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At the age of 65, Sandy Mackay cycled across Canada with his daughter. Now he is 69 years old and had just ridden 182 mountainous kilometers from Chiang Mai to Chiang Rai, Thailand. Sandy’s two day bicycle ride of meeting friendly people is the real Thailand that many travelers dream of experiencing. However, for many people, bicycle travel is not considered convenient because it might not involve a comfy guest house or foreigner’s cafe at the end of the day. I suppose it is a daunting thought being half way between here and there with no consumer familiarity in sight. The only western comfort is what it’s in your heart. Hopefully you brought lots of respect, trust, and kindness from home. And in return, you can expect lots of love and generosity. When there is no western tourist economy, you can’t rely on your pocketbook. All you have to rely on is your humanity and charming personality.

The Bicycle

The bicycle is the only salvation
For a planet choking to death
On its own convenience

from A Promise for Siam by Tom Radzienda

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Simba’s located in Chiang Rai, Thailand

Omelets Shouldn’t have Breasts
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From the street, Simba’s kitschy décor is what initially attracts me to try an omelet. Inside, I head straight for a comfy seat on the couch. A Thai woman hands me a menu while an American-looking man switches off the TV. I feel suspiciously like I’ve just walked into their living room, especially when I notice the furry cat running around.

The beautiful, Thai woman in her strappy sundress and heels is the server, and she’s also the cook. The older, American man laments that he can’t help out for fear of being deported. He grumbles that he has no work permit but seems perfectly content to leave his wife/girlfriend to tend to our omelet needs.

The surprise omelet bonus at Simba’s is the really friendly cat. Recently, I have been trying to pet more cats and dogs while eating omelets. This is in preparation for my upcoming trip to Laos. I figure if I can be comfortable with a pet beside my omelet, then the next step of a pet inside my omelet will be easy to swallow. Today my omelet experience is going smoothly, and I feel really comfortable about going to Laos to try my first dog or cat omelet.

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Everything is going well until I notice the art on the wall. In Thailand, where it is rare to see women bare their shoulders, posters of bare-breasted women seem out of place. Like a TV blaring a football game can distract a person from their buffalo wings, the art on the wall detracts from the omelet experience.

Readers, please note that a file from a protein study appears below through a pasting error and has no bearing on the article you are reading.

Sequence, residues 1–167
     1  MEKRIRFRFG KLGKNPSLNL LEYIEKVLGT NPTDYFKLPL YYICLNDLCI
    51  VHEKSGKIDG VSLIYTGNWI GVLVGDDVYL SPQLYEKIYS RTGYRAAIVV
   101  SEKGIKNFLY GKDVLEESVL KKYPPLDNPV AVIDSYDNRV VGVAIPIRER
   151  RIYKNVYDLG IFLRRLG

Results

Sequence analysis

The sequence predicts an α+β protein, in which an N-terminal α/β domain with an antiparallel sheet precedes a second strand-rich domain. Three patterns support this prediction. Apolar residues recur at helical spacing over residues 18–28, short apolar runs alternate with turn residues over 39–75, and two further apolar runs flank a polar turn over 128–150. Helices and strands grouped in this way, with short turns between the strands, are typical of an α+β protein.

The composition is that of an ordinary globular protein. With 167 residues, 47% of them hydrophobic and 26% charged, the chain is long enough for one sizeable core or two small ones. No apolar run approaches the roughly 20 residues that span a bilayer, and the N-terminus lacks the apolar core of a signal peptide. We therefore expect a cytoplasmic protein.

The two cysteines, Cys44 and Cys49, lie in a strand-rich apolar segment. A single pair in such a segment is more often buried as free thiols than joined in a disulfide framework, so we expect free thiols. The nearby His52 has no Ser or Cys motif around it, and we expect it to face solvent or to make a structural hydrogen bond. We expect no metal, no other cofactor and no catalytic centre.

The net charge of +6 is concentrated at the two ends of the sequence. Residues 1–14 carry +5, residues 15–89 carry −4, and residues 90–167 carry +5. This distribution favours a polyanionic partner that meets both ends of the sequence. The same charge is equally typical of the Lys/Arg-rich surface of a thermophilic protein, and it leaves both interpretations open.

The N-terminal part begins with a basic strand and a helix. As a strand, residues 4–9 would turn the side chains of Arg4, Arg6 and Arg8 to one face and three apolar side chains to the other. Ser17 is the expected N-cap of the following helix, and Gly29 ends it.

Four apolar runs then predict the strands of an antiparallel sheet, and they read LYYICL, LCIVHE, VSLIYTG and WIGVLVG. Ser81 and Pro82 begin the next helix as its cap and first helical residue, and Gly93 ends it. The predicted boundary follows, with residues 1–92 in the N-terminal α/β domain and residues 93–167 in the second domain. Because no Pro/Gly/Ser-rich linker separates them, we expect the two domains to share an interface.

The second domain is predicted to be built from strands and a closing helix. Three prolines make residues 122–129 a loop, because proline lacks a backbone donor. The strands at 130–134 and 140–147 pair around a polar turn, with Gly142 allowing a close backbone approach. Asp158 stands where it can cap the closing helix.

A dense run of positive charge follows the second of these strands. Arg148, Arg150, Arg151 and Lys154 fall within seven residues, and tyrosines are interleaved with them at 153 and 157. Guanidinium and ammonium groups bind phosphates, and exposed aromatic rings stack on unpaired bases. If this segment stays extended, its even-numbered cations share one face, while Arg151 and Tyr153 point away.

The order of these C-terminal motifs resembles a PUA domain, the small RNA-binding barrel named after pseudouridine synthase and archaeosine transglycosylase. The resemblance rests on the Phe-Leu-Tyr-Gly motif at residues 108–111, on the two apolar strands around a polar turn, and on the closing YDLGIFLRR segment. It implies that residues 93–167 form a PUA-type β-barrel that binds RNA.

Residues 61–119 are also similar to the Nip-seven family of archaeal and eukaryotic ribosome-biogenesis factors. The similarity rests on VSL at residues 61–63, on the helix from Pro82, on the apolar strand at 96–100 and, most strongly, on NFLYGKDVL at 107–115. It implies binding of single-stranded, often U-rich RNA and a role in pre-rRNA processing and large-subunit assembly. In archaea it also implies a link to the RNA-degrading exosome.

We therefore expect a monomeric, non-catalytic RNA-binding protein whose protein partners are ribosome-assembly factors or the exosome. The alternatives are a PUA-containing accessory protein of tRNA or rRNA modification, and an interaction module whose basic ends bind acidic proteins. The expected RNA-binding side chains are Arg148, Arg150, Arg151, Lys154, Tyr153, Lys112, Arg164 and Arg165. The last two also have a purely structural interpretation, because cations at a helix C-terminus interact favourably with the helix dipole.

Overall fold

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The art is a strange mix of children and topless women, which starts me wondering about spatial relationships in the definition of child pornography. Some people might consider a photograph of a nude woman standing beside two children kissing to be pornographic. What about a photograph of a nude woman next to a photograph of two children kissing–is that pushing the envelope? What happens when you add an omelet to the picture?

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Additional note: As a society, we despise child pornography. Why do we uphold a standard of beauty for women to appear pre-pubescent by shaving their legs and armpits?

 

Thai Sticks (short film in 3 parts)

It’s not uncommon to see four people on a motorbike in Thailand, so we thought we’d give it a try while filming a commercial for bundled bamboo drumsticks. Along with two other volunteer WWOOFers, we filmed “Thai Sticks” during our recent stay at Farm Ken outside of Chiang Rai, Thailand.

Click on the photos to watch.
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Special thanks to Tine Maenhout, Christine Ferriter and Ken Albertsen for their photography, filming, editing, acting and good humor. To read the complete story about the making of the film, go to Thai Style at Farm Ken.

For more drumstick info: http://www.wonderfull.com/stix.htm

photo album of the filming of Thai Sticks

Thai Style at Farm Ken

photo album of our stay at Farm Ken

All Thai people have nicknames, so I’ve felt a bit out of place for the past three months traveling in Thailand without one.  My new Thai nickname is Gina, thanks to Ken and his middle-aged memory.  I met Ken a week ago when Brandon and I arrived at his farm in Chiang Rai, Thailand as volunteer WWOOFers (willing to work a few hours a day in exchange for room and board).

From the e-mails exchanged, I knew to expect an orchard, a small garden, and some construction projects at Farm Ken.  In the eight years that he has lived on the farm, besides planting countless avocado trees, Ken has constructed two and a half houses.   Along with two other WWOOFers, Brandon and I arrived in time to help out with the painting, sanding, and lacquering of Bunker Hill, a house being built into a hillside on the property.